One-day cricket is such an established part of the game now that it is sometimes easy to forget that it is a relatively new concept. The first domestic tournament was launched in England in 1963, and the first limited-overs international followed eight years later, almost by accident after a Test match was rained off. (Also Read: Bizzare World Cup moments)
The inaugural World Cup came in 1975 (two years after the ladies held their own tournament). The first match in that competition produced one of the most controversial one-day innings of all time.
In the opening round of games, on June 7, 1975, England, the hosts, were drawn to play India at Lord's. The format of the event - there were two groups of four countries - meant that a defeat would leave the losers struggling to progress.
The scene in London was perfect, with high temperatures and glorious sunshine, conditions that continued throughout the two-week tournament and on through the rest of the summer. It had, however, been a near-run thing. Five days before the start the weather was so grim that snow stopped play in a county match at Buxton in Derbyshire, and another game in Essex was delayed because of biting cold.
Demand for tickets at Lord's wasn't as it would be now - this was, after all, a relatively new idea - but nevertheless the ground was three-quarters full.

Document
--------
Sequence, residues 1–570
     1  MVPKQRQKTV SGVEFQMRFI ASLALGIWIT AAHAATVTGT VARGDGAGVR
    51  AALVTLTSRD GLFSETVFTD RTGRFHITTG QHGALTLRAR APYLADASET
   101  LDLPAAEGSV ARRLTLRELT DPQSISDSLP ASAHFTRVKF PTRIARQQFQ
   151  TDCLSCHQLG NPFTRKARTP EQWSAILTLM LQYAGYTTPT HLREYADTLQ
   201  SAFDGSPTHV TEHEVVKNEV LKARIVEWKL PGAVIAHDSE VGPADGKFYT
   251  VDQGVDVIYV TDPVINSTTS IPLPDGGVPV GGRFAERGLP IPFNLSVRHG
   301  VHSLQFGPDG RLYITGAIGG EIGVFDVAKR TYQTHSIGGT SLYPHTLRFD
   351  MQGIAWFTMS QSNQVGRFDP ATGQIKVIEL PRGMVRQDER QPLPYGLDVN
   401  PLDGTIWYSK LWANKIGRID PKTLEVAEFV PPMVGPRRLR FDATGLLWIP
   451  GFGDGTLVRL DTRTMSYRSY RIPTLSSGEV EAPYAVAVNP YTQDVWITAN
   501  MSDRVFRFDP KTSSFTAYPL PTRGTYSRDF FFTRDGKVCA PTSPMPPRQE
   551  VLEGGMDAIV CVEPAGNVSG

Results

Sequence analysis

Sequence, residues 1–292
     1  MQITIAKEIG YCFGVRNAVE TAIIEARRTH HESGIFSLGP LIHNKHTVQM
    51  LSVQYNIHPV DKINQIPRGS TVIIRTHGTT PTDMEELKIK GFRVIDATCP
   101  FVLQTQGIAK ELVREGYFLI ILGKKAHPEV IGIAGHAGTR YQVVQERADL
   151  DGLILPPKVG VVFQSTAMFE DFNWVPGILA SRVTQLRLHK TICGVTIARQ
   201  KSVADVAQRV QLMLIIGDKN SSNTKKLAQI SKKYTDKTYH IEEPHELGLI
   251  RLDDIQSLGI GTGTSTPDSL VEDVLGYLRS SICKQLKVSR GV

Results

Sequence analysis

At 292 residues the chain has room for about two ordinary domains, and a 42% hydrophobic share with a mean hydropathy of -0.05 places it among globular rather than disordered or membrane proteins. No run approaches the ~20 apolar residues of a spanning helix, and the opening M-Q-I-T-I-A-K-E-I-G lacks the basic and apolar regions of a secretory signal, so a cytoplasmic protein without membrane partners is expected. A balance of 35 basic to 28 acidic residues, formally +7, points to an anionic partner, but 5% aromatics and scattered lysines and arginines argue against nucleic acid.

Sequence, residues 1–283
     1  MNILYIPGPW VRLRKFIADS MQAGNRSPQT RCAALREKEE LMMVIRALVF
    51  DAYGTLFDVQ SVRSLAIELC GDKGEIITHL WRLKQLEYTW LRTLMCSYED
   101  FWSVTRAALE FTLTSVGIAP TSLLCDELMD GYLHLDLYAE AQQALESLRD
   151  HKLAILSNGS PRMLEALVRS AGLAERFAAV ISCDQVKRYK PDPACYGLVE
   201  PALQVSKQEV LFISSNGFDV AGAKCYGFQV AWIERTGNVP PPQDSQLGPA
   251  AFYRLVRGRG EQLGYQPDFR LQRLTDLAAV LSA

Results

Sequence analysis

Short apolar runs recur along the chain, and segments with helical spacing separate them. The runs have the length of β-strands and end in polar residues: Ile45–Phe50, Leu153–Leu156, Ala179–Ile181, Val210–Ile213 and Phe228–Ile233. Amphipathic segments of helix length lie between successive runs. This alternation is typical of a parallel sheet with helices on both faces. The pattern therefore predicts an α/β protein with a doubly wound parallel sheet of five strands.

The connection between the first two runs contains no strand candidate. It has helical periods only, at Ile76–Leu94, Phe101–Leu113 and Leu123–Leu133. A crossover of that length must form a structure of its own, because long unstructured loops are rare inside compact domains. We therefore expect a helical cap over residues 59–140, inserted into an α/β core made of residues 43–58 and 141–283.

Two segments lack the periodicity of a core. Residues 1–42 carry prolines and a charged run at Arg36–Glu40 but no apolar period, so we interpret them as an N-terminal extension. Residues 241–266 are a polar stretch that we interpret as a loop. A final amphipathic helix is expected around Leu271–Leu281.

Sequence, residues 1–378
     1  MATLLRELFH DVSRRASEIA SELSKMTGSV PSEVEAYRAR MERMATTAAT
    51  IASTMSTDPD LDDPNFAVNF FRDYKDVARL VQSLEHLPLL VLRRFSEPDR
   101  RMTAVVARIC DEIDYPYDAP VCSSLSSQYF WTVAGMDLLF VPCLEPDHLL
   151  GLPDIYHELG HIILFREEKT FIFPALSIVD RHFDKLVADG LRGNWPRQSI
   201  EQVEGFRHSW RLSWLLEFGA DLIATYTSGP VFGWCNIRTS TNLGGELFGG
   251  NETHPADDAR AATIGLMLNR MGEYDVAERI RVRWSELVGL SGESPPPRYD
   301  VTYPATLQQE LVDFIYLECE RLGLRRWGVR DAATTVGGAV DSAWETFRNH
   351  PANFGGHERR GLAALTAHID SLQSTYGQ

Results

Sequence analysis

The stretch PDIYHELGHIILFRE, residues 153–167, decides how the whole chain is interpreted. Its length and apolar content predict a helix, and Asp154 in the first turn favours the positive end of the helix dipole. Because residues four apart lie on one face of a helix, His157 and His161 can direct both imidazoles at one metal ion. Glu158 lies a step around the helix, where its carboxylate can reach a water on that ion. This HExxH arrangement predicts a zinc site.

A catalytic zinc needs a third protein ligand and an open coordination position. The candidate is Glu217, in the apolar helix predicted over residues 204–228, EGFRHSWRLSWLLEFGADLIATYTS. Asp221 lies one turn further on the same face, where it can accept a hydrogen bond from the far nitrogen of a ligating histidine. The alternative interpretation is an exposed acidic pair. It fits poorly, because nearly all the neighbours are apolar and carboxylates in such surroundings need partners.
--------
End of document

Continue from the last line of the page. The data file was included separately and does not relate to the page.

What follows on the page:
The first half of the game went according to plan. England batted and piled up 334 for 4 in 60 overs, at the time the highest total in one-day cricket. Dennis Amiss led the way with 137 (an innings of "calm, simple movements," according to Tony Lewis) and was well supported by a solid 68 from Keith Fletcher. Although England wobbled mid-innings, losing three wickets for 15, the respite was brief. As the Indian bowlers tired in the heat, a 30-ball 50 from Chris Old bludgeoned the match out of their reach.
The competition rules stated that if a group was tied, run-rate would be the deciding factor. So even if India lost, the more runs they scored, the better their chance of reaching the semi-finals. Such considerations or tactics were, however, sadly lost on Sunil Gavaskar, who opened the Indian innings. From the off, it was apparent that he was adopting a strategy known only to himself. At first, his snail-like batting was put down to a desire to see off the new ball. But when he continued his go-slow, frustration among the crowd grew.
India's supporters voiced their desperation, and as the innings drew towards its turgid conclusion a few even ran to the middle to remonstrate with Gavaskar. "Dejected Indians were pathetically pleading with him to die fighting," reported the Cricketer. "Their flags hung limp in their hands. It was a perverse moment of self-inflicted shame." On their balcony in the pavilion, Gavaskar's team-mates made no secret of their frustration.